- an enlarged prostate gland (men)
- problems urinating
- liver, kidney, or gallbladder problems
- a head injury or brain problem
- mental health problems
- adrenal gland or thyroid gland problems
- tooth problems, including a history of cavities
Tell your healthcare provider if you are:
- pregnant or plan to become pregnant. Opioid-dependent women on buprenorphine maintenance therapy may require additional analgesia during labor. If you take SUBOXONE Sublingual Film while pregnant, your baby may have symptoms of opioid withdrawal at birth that could be life-threatening if not recognized and treated. Talk to your healthcare provider if you are pregnant or plan to become pregnant.
- breastfeeding or plan to breastfeed. SUBOXONE Sublingual Film can pass into your breast milk and harm your baby. Talk to your healthcare provider about the best way to feed your baby if you take SUBOXONE Sublingual Film. Monitor your baby for increased drowsiness and breathing problems if you breastfeed during treatment with SUBOXONE Sublingual Film.
Tell your healthcare provider about all the medicines you take, including prescription and over-the-counter medicines, vitamins, and herbal supplements.
What should I avoid while taking SUBOXONE Sublingual Film?
- Do not drive, operate heavy machinery, or perform any other dangerous activities until you know how SUBOXONE Sublingual Film affects you. Buprenorphine can cause drowsiness and slow reaction times. SUBOXONE Sublingual Film can make you sleepy, dizzy, or lightheaded.
- You should not drink alcohol or take prescription or over‐the‐counter medicines that contain alcohol while taking SUBOXONE Sublingual Film, because this can lead to loss of consciousness or even death.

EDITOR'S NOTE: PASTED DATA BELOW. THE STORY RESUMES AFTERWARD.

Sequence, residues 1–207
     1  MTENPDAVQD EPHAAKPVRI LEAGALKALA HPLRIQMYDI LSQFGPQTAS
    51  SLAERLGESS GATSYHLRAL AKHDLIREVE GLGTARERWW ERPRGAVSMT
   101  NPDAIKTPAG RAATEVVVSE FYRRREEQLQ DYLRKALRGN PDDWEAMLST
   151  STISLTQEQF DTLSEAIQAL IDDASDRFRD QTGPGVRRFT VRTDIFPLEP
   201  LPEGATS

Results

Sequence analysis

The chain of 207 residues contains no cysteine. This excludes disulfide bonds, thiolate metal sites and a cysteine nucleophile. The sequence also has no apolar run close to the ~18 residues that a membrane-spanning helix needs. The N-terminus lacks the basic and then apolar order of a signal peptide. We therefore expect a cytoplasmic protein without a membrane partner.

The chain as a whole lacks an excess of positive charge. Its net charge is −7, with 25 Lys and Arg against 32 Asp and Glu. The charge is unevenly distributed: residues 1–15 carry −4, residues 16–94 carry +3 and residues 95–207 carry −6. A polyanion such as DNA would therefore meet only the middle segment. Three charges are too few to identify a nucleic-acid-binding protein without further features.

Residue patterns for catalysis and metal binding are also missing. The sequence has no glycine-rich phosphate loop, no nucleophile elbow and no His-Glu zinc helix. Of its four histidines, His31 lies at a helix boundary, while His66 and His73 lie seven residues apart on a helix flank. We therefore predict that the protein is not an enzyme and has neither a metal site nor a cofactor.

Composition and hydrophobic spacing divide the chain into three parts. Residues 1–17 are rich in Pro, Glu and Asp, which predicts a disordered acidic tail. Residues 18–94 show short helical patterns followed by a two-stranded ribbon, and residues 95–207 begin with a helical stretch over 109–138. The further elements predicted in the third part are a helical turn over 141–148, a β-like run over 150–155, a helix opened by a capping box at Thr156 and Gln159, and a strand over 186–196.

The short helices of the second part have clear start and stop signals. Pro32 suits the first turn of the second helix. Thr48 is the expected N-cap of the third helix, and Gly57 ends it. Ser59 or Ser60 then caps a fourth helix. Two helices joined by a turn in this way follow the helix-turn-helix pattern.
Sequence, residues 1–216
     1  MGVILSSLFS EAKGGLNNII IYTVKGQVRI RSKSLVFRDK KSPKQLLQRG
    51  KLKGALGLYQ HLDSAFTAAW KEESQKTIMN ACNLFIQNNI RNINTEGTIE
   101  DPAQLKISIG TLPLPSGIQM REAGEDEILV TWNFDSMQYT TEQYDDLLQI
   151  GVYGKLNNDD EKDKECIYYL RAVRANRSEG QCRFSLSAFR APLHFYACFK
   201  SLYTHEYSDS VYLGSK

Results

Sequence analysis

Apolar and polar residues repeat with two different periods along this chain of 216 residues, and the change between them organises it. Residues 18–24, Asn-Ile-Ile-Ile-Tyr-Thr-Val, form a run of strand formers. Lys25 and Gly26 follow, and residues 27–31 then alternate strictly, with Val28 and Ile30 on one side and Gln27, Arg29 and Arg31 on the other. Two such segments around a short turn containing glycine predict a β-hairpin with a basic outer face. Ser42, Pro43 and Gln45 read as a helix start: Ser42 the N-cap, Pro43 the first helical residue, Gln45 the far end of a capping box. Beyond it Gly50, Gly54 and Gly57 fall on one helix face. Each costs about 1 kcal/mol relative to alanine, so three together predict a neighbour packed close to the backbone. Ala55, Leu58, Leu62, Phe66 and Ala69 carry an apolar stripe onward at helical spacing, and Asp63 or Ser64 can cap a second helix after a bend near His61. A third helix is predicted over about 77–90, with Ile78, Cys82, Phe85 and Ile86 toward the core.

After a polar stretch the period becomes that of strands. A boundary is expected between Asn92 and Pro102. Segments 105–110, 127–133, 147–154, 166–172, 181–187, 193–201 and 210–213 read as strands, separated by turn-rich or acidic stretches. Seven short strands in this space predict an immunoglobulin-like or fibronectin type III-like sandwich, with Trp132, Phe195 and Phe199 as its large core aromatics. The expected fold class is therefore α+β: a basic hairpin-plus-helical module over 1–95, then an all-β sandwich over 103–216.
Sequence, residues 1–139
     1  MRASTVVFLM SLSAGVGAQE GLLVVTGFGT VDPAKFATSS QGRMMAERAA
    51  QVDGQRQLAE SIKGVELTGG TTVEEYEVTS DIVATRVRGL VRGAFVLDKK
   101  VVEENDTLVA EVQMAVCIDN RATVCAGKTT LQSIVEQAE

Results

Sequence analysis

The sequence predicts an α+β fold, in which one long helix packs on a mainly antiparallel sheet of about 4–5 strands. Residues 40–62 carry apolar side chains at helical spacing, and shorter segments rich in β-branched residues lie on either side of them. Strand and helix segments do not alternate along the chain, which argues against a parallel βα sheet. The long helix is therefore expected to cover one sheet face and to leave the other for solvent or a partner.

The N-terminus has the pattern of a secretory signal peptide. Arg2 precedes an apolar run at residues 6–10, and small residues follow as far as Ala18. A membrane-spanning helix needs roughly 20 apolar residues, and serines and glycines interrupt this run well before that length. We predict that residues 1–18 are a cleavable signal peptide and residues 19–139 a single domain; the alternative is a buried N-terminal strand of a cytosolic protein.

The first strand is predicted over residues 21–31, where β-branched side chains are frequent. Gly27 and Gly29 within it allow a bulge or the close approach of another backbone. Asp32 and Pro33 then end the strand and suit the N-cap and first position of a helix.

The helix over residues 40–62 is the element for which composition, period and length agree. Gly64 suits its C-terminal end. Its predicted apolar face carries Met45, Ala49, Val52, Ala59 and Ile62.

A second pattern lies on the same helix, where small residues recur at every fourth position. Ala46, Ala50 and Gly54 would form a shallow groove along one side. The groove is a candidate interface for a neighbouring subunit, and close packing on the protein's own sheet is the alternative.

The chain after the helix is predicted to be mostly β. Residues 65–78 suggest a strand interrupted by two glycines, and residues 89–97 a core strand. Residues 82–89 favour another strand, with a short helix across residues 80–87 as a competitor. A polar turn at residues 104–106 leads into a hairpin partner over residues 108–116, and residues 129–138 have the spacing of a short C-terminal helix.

What are the possible side effects of SUBOXONE Sublingual Film?
SUBOXONE Sublingual Film can cause serious side effects, including:
- Trouble breathing. Taking SUBOXONE Sublingual Film with other opioid medicines, benzodiazepines, alcohol, or other central nervous system depressants can cause breathing problems that can lead to coma and death.
- Sleepiness, dizziness, and problems with coordination.
- Physical dependence or abuse. SUBOXONE Sublingual Film can be abused in a manner similar to other opioids, legal or illicit.
- Liver problems. Call your healthcare provider right away if you notice any of these symptoms: your skin or the white part of your eyes turning yellow (jaundice), dark or “tea-colored” urine, light colored stools (bowel movements), loss of appetite, pain, aching, or tenderness on the right side of your stomach area, or nausea.
- Your healthcare provider should do blood tests to check your liver before you start taking and while you take SUBOXONE Sublingual Film.
- Allergic reaction. You may have a rash, hives, swelling of your face, wheezing, low blood pressure, or loss of consciousness. Call your healthcare provider or get emergency help right away.
- Opioid withdrawal. Call your healthcare provider right away if you get any of these symptoms: shaking, sweating more than normal, feeling hot or cold more than normal, runny nose, watery eyes, goosebumps, diarrhea, vomiting, or muscle aches.
- Decrease in blood pressure. You may feel dizzy if you get up too fast from sitting or lying down.
- The most common side effects of SUBOXONE Sublingual Film include: headache, nausea, vomiting, constipation, pain, increased sweating, and decrease in sleep (insomnia).
- SUBOXONE Sublingual Film may affect fertility in males and females. Talk to your healthcare provider if this is a concern for you.
These are not all the possible side effects. Call your healthcare provider for medical advice about side effects.
To report pregnancy or side effects associated with taking SUBOXONE Sublingual Film, please call 1-877-782-6966. You are encouraged to report negative side effects of drugs to the FDA. Visit www.fda.gov/medwatch or call 1-800-FDA-1088.